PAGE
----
Owls: Beyond the Wisdom

The nocturnal birds that we know as owls have been for centuries considered to be wise animals. The bird’s deep, soulful eyes and the mortar boards that they occasionally wear have earned them a reputation for being anything but “bird-brained”. It is this reputation that earned them their nickname “Regurgitrons”.

Today, however, I will be taking a look beyond this facade we’ve come to accept. I, Patrick D Ryall, will be looking at Owls: Beyond the Wisdom!

Owls (Owlus Stupidi) are nocturnal animals meaning that they are creatures of the night. As such, owls do not have reflections or shadows and are killed by sunlight. Other ways to kill owls include a stake driven through the beast’s heart, decapitation, fire, and shotguns. Garlic and religious items such as crosses or holy water are also effective deterrents.

Owls feed on the blood of the living by biting a living thing’s neck and sucking the blood from the wound. They then proceed to rotate their heads around 360 degrees.

Owls live in trees, and as such are the natural enemies of monkeys. It is not uncommon in the southern areas of the United States to see a swarm of owls attacking a monkey that has wandered onto an owl tree. When a monkey is alone, it is doomed to a horrible demise, but owls will typically flee from a group of monkeys larger than three in number. A smaller number of monkeys however will no doubt be slaughtered, leaving the owls feasting on the remains and rotating their heads 360 degrees in triumph.

Monkeys are dumber than owls, and as such have to resort to brute force to combat their winged enemies. It is not uncommon for monkeys to throw coconuts at owls that occupy a tree that they want to climb on. Because of this, owls have developed an eerie “coconut sense” that warns them of incoming coconuts. Scientists have yet to fully understand how this sense works and indeed, some doubt it actually exists.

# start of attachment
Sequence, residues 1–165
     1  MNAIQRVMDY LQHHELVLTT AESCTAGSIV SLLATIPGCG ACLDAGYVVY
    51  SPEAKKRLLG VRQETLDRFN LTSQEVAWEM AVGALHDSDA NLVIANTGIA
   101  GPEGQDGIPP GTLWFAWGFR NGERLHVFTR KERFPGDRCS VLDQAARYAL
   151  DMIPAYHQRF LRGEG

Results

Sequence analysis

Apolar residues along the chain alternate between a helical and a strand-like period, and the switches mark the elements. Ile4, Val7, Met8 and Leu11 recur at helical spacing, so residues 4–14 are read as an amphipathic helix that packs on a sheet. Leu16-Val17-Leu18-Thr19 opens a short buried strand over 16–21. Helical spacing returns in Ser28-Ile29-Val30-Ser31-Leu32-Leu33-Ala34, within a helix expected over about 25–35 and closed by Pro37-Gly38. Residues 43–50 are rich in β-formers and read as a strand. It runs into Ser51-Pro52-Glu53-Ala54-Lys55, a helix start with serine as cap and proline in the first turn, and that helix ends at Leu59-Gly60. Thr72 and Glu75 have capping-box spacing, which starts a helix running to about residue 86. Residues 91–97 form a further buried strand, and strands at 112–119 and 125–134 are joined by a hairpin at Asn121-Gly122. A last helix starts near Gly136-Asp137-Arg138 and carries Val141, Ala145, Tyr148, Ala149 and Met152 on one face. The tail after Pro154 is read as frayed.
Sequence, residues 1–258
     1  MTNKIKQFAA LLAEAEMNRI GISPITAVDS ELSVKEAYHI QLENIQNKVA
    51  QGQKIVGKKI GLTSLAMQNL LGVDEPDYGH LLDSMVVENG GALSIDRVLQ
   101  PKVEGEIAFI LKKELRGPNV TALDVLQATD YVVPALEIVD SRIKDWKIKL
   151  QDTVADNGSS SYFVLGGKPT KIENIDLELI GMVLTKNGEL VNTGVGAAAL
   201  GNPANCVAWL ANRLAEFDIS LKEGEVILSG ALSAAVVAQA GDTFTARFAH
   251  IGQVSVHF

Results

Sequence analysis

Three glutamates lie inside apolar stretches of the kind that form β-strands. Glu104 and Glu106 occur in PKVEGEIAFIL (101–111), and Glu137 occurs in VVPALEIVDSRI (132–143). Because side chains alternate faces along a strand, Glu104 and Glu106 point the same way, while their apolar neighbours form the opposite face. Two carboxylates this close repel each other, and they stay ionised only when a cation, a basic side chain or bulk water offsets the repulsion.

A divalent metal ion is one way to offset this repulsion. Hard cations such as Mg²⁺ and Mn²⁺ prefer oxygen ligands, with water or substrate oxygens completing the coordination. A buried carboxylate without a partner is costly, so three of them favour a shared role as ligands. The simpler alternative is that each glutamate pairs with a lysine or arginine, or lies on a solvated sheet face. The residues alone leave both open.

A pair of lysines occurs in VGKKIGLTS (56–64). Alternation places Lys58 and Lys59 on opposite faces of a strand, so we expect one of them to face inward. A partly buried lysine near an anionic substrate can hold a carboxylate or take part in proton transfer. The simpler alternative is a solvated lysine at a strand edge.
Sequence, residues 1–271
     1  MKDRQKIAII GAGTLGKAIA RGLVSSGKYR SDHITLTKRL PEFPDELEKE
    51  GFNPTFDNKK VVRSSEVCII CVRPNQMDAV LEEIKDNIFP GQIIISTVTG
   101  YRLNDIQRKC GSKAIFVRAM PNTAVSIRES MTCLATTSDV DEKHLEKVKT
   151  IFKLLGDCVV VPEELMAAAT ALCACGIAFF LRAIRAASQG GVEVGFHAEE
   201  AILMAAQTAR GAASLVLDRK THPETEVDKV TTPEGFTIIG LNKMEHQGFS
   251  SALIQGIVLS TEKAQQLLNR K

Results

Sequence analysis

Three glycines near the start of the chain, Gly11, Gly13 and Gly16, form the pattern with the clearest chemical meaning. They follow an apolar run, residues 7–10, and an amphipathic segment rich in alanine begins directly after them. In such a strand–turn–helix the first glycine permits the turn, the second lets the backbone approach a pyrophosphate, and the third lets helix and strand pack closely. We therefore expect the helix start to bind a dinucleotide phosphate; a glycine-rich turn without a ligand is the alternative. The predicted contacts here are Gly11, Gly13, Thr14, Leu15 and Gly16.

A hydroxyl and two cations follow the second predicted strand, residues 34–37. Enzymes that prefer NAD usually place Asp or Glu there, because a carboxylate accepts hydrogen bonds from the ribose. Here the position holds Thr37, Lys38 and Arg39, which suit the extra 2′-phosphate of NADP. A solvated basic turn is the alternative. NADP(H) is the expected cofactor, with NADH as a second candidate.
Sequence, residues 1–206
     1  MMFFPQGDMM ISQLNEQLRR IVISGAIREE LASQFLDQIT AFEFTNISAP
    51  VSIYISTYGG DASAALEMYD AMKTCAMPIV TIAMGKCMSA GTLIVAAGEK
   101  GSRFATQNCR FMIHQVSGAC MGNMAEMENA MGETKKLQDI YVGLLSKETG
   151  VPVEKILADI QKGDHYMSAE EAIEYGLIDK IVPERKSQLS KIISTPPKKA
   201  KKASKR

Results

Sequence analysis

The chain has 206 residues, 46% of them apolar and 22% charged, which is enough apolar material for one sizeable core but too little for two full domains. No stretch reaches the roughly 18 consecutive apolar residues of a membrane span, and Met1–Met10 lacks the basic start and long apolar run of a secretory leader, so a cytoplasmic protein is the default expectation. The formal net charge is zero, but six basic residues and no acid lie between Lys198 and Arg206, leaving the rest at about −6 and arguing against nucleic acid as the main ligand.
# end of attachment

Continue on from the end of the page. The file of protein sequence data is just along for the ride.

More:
But owls and monkeys were not always at odds. Owls, like all birds, are descended from dinosaurs and thus showed up long before monkeys existed. Fossils place the first owls in the Jurassic Era, and seem to suggest that at this time the owls’ natural enemy was the Triceratops. Many unearthed Triceratops skeletons have been found to have owls impaled on their horn. But the Triceratops were merely protecting themselves, because owls would often fly into the throats of larger dinosaurs and choke them to death. They found this funny.

There are various breeds of owls, such as Snowy Owls, Barn Owls, Spotted Owls, Albino Owls, Kangaroo Owls, Endangered Owls, Skwermusfer Owls, and Butterfly Owls. There is no actual difference between any of these types of owls, except the name. In fact, evidence exists that there are only nineteen owls worldwide and they fly from country to country changing their colors. They hang out in one country long enough for people to notice them, then fly off to another one in which they would rotate their head 360 degrees around.

Patrick D Ryall, the D is for Lava
Originally posted on Contains2 on Thursday 27 March 2003

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